• Granger explains that his grandfather died when he (Granger) was a little boy. He cried, not for his grandfather, but for all the things his grandfather had done. He was an independent thinker, a man of great artistic talent. He left so much behind when he died—so much he had touched and changed with his hands. • Captain Beatty

6. “Things are never as bad as they seem.” The writing is more than solid; it’s sometimes downright lyrical. It’s not afraid to stretch to several paragraphs when the situation calls for it and never feels written down to a computer-game audience. Exploring the world, always one of if not the core pleasure of adventure gaming, is especially pleasurable here, as is solving a collection of interesting puzzles that are always logical and fair. Your ultimate goal is to penetrate the New York Public Library. Your immediate reason for doing so is to rescue Clarisse, who is being held prisoner there, but the goal also has symbolic significance in a game all about the pleasures and importance of books. No, there’s not much of a real story to speak of beyond that goal. And yes, there are a hundred problems I could poke at if we insist on judging the game as a coherent work of fiction, like the way that just about everyone in the whole city seems to be in the Underground, or how Clarisse now seems to be an entirely different person from the one we knew in the book. But this isn’t a book. It’s an adventure game, whose pleasures are anchored in exploring a landscape both physical and mental rather than plot. And the mood of the book is always very present. At the end, you must choose between abandoning the cause and enjoying life with Clarisse or sacrificing yourself on the altar of Literature, a perfect echo of the book’s contrasting of the comfort and superficial happiness of (Bradbury’s perception of) television with the dangerous ideas of the great books.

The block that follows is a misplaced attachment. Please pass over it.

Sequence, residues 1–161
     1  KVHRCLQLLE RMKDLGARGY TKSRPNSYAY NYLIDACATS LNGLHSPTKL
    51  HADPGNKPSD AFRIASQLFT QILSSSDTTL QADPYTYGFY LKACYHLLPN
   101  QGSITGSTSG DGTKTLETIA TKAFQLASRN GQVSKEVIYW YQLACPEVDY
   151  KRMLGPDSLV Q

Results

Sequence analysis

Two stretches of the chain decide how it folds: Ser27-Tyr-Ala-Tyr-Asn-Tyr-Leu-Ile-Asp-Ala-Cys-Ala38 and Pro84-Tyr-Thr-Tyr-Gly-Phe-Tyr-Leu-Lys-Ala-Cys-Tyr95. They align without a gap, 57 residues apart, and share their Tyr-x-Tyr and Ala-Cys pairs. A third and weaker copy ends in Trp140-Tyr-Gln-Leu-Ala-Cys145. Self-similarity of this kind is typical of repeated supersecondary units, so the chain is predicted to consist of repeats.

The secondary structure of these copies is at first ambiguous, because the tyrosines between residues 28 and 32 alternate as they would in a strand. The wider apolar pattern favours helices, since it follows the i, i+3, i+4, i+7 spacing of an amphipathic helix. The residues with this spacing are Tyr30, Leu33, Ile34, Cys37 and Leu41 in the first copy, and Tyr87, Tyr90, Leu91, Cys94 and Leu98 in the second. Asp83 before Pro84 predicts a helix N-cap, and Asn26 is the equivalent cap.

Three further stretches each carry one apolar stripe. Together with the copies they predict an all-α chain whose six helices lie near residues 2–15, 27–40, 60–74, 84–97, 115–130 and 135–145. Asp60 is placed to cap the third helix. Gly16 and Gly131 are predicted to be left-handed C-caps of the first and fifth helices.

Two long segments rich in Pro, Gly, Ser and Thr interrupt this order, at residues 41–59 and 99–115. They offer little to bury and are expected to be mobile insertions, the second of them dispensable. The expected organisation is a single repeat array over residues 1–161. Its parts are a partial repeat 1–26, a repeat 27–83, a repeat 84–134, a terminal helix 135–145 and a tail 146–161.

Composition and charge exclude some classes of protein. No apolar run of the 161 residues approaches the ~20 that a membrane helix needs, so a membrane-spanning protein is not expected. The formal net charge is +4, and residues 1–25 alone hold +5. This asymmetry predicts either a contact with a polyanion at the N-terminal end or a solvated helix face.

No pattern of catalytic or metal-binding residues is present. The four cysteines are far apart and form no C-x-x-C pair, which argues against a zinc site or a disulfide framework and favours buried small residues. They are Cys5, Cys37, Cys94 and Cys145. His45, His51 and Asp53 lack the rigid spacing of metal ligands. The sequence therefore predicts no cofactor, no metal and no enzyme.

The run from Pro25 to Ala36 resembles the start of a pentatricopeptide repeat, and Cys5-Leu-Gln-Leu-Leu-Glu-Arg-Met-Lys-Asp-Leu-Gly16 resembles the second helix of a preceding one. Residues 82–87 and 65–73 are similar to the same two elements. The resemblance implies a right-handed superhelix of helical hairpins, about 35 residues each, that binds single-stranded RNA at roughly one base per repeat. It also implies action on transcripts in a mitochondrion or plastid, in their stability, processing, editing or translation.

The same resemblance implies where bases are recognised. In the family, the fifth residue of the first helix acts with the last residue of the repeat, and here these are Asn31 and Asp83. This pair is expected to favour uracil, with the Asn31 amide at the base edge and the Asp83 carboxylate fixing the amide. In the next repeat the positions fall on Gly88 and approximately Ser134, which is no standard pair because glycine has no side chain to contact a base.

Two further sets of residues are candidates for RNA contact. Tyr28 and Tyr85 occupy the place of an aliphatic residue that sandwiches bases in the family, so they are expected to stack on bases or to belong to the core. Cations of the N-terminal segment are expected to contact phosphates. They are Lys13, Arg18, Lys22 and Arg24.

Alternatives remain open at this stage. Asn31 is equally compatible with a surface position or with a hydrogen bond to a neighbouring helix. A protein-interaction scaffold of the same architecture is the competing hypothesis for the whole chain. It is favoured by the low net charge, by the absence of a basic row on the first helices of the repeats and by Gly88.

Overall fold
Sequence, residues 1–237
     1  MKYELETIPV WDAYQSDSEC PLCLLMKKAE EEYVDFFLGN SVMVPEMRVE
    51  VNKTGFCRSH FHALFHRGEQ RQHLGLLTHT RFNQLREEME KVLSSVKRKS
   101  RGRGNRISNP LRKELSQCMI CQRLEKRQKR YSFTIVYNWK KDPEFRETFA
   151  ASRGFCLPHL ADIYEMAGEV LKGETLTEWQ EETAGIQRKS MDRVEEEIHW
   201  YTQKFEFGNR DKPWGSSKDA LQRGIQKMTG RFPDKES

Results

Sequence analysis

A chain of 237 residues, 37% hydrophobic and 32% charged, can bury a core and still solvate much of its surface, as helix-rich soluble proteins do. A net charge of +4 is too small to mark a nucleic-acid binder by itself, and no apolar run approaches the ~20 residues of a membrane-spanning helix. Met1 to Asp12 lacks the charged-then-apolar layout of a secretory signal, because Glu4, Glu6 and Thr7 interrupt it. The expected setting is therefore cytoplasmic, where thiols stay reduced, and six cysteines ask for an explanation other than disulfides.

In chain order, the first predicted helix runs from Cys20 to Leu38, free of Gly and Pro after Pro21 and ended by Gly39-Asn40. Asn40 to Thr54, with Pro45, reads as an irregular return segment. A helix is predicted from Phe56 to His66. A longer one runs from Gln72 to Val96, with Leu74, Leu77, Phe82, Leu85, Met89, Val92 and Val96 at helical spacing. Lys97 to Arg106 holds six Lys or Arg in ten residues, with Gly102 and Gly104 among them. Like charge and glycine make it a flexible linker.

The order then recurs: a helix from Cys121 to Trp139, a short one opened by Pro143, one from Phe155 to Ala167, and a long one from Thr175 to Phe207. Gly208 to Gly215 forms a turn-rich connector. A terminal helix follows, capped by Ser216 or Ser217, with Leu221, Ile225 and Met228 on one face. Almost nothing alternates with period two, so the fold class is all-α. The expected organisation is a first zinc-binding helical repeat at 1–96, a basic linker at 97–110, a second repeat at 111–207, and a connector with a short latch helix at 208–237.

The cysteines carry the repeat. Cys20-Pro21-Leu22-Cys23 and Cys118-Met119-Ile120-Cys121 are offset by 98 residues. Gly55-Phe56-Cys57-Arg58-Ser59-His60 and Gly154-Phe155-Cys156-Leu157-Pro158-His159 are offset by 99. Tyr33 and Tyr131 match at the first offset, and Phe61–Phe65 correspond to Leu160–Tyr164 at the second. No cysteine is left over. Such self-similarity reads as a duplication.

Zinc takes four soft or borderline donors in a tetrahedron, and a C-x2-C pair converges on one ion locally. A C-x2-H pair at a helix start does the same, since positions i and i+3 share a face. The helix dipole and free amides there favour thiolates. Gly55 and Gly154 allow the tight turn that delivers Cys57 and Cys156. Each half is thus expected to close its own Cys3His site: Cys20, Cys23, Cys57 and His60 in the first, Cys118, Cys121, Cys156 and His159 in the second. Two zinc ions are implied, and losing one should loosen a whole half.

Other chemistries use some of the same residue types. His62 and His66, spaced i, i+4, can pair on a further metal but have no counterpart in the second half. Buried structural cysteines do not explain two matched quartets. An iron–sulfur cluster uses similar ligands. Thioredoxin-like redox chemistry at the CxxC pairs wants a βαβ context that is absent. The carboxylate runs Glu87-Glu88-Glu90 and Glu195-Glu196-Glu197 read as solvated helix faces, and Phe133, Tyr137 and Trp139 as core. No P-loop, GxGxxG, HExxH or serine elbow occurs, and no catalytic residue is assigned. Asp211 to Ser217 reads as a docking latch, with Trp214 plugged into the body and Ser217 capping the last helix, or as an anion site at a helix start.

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• The Last Circus and the Electrocution (1980) I wrote this book at a time when I was worried about the way things were going in this country four years ago. Too many people were afraid of their shadows; there was a threat of book burning. Many of the books were being taken off the shelves at that time. And of course, things have changed a lot in four years. Things are going back in a very healthy direction. But at the time I wanted to do some sort of story where I could comment on what would happen to a country if we let ourselves go too far in this direction, where then all thinking stops, and the dragon swallows his tail, and we sort of vanish into a limbo and we destroy ourselves by this sort of action.